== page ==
When it comes to safely and properly prepare a variety of foods, using accurate and useful food thermometer is an absolute must. Whether you need to check the doneness of a steak or need to see if a baked item has cooled down enough, a properly working food thermometer is essential. However, merely owning a food thermometer isn’t enough; you must also know how to use a food thermometer correctly. Otherwise, any measurements that you take may be inaccurate, and your food may not turn out as good or as safe as it should be. Keep reading to learn more about common thermometers mistakes and how to avoid them.
Mistake 1. Using an Infrared Thermometer to Test Internal Temperatures
Infrared thermometers are convenient and easy to use. However, they are not designed to test the internal temperature of food or liquids. Infrared thermometers work by measuring the infrared energy that bounces off of the surface of an object. Therefore, they strictly measure the surface temperature of a food or liquid – not the temperature inside. If you use an infrared thermometer to check the doneness of a hamburger, for example, you may get a reading that suggests that you should continue to cook it longer. In reality, though, it has already reached the right internal temperature and is now ruined.
To accurately measure the internal temperature of a food or liquid, which is a crucial aspect of food safety, you need to use a food thermometer with a probe that penetrates it. The ThermoPro TP-17 digital thermometer with dual probes is an example of a thermometer that can handle the job correctly the first time. Because it has two probes, it can test and monitor the temperature of two foods or liquids at once, which is a nice bonus for busy cooks.
Mistake 2. Testing the Accuracy of a Food Thermometer with an Improperly Designed Ice Bath
As a conscientious cook, you probably already know that owning even a high-quality food thermometer isn’t enough. From time to time, it’s essential to test the thermometer to ensure that it is still delivering accurate readings. The ideal way to do this is by inserting its probe into an ice bath. This sounds easy enough to do, but most people go about it the wrong way and end up with misleading information.
If the ice in your ice bath is floating at the top of a cup of water, the difference between the temperature of the water at the top of the glass and the water at the bottom of the glass can be as extreme as 20 degrees. Depending on where you insert the probe, then, you could end up with very different readings. With a proper ice bath, the water is within 0.01 degrees Celsius of the ice point. This can be accomplished by ensuring that ice is resting at the bottom of the glass. The water should be slightly below the ice level at the top. Immediately before testing, stir the ice and water thoroughly and let it sit for one minute. For optimal accuracy, stir the probe around while taking the temperature.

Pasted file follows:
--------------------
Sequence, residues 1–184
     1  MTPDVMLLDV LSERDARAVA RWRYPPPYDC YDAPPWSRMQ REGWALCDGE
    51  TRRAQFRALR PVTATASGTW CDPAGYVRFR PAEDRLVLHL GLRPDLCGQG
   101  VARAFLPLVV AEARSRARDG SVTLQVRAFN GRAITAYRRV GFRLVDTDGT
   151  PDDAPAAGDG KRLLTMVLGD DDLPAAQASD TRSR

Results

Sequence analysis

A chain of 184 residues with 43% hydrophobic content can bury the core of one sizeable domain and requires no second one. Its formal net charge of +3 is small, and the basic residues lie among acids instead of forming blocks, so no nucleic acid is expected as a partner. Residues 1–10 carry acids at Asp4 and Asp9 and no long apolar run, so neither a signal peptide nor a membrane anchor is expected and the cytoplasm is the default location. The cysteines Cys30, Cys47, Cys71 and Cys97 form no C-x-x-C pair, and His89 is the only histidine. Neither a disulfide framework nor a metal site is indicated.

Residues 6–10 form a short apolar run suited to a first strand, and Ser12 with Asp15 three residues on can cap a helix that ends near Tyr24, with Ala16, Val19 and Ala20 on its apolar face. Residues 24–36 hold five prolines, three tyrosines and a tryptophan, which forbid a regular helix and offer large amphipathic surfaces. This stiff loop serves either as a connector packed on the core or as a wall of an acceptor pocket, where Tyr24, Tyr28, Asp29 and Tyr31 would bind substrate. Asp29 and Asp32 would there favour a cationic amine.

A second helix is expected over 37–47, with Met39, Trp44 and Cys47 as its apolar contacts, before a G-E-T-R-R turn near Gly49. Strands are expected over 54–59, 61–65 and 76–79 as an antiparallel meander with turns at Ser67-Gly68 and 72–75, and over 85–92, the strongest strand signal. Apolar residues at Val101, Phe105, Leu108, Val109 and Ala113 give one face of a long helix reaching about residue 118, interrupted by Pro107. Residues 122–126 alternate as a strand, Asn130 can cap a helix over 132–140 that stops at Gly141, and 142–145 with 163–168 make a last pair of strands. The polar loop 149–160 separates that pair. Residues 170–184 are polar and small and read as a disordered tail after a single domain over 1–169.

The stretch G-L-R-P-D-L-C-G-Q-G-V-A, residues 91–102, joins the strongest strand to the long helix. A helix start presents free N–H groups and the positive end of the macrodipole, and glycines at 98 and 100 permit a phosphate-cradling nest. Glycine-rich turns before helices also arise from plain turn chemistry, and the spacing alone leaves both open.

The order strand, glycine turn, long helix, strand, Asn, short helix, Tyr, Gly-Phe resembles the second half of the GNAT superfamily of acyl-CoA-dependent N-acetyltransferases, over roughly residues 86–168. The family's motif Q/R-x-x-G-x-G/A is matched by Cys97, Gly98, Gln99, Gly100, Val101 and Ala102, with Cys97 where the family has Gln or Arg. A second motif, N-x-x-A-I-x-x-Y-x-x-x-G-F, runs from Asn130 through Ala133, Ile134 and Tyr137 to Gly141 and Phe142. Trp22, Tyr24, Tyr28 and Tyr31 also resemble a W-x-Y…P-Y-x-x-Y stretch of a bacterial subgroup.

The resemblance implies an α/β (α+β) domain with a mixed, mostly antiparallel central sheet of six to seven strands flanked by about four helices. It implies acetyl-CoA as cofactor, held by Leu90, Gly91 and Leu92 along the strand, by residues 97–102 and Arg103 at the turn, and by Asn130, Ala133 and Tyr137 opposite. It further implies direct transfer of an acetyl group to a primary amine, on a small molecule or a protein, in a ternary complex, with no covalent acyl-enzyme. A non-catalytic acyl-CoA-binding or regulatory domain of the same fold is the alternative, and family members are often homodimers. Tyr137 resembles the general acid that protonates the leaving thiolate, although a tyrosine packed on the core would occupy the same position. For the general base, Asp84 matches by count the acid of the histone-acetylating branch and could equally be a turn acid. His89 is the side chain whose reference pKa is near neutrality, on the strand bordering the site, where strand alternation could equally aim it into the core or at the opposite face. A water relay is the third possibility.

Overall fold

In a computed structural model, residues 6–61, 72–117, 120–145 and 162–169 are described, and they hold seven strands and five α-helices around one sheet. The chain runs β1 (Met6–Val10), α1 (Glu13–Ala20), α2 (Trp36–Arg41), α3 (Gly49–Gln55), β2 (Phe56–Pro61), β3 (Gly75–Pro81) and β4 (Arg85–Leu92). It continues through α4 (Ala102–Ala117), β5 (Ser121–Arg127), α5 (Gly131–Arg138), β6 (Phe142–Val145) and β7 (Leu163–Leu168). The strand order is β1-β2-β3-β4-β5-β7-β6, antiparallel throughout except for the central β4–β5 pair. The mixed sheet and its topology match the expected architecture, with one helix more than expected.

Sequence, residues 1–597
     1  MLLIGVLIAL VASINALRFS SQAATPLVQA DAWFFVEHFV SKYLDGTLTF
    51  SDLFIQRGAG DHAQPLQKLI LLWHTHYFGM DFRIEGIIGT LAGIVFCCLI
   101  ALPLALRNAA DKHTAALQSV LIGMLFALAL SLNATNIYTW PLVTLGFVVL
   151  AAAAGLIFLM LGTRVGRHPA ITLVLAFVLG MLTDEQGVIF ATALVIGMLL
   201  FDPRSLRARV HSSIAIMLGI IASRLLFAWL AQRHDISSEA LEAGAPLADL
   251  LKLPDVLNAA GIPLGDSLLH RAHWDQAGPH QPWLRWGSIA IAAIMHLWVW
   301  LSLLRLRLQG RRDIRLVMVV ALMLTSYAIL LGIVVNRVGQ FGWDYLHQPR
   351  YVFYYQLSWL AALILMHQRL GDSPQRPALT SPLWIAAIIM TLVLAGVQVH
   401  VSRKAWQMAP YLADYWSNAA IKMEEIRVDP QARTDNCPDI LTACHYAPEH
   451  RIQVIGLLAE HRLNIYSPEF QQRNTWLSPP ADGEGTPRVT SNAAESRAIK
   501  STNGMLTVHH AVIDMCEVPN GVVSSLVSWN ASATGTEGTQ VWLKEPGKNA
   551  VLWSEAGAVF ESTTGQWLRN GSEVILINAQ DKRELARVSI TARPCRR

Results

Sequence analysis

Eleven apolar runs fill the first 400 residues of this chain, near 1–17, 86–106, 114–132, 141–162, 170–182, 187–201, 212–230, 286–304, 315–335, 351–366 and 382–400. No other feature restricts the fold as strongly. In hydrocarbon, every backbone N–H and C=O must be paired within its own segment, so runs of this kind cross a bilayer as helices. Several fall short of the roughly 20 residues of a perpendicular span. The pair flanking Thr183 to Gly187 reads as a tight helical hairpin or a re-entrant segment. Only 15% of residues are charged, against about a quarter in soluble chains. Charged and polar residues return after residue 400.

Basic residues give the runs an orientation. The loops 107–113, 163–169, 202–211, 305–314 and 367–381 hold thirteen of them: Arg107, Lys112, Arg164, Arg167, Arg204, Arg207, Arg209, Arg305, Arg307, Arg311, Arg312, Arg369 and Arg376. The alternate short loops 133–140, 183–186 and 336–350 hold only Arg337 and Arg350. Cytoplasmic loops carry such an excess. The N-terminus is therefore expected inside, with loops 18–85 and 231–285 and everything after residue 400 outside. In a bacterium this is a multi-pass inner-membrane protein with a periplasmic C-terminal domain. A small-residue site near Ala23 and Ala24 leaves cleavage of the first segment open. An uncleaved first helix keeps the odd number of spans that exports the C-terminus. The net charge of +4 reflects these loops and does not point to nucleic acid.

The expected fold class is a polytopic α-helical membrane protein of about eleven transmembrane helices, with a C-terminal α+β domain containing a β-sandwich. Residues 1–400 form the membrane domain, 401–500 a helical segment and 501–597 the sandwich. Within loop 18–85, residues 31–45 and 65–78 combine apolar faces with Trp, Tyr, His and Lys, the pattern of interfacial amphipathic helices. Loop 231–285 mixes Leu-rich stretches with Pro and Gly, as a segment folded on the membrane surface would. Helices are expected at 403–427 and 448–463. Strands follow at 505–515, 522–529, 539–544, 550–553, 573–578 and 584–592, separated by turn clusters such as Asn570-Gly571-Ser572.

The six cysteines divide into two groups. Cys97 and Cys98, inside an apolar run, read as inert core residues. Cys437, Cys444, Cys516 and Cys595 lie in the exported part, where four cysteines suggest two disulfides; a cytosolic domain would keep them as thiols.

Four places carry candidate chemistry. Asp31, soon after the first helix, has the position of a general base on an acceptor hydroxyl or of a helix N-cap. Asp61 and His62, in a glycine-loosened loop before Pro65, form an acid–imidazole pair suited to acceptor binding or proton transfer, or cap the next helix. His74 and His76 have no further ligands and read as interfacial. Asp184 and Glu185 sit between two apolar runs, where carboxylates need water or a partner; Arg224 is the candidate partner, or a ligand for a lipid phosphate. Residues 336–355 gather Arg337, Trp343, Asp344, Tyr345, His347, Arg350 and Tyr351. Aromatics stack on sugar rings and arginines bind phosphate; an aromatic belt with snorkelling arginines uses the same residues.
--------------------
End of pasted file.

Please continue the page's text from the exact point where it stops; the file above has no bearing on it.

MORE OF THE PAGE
And here is a more detailed guide to show you how to calibrate food thermometer accuracy.
Mistake 3. Not Measuring from the Thermal Center of a Food
Because there are gradients of temperature across different areas of food or liquid, it is crucial always to measure its temperature from its thermal center. When cooking food, the thermal center is the point at which the temperature is the lowest; when cooling food, it is the point at which the temperature is the highest.
The trouble that most people have is identifying the thermal center accurately. This can easily be accomplished with a high-quality digital thermometer that is designed for speed and accuracy. The ThermoPro TP01A digital instant-read thermometer is a great and affordable example of one that can be used for this purpose. To find the thermal center, turn on the thermometer and then pull the probe slowly through the food or liquid; while doing so, look for the highest or lowest temperature. Make sure not to let the probe rest on the bottom but to suspend it, and then take the reading from there.
Mistake 4. Not Stirring Food Before Measuring Its Temperature
As mentioned above, foods and liquids have gradients in temperature, which means that some areas may be hotter or colder than others. This poses a problem when attempting to measure the temperature of food because the probe may land in a place that is warmer or cooler than average. This issue can easily be overcome by merely stirring up the food or drink before measuring its temperature, but people often forget this crucial step. If you forget to stir the food or drink first, you’re apt to end up with an inaccurate reading that can give you the wrong idea about the doneness or safety of a food or liquid.
When food or liquid is cooling or heating, different areas heat up or cool down at different rates. Therefore, always stir the food or liquid thoroughly before measuring its temperature. That way, the food will be of a uniform temperature when you test it, and your reading will be far more accurate. For even more accurate results, stir the probe as you take the temperature. Note that just about any food thermometer with a probe will work; for convenience, consider the ThermoPro TP21 digital wireless remote thermometer, which allows you to monitor the temperature from up to 300 feet away.
Now that you are aware of the most common mistakes that people make when using food thermometers, you are ready to kick your cooking skills up to the next level. With your newfound knowledge, you will have an easier time making the most of today’s food thermometers and their many high-tech features. Browse our selection to identify the one that is suitable for you. Whether you opt for an instant-read thermometer, a dual-probe thermometer or even a wireless food thermometer, always keep the above tips in mind for optimal results.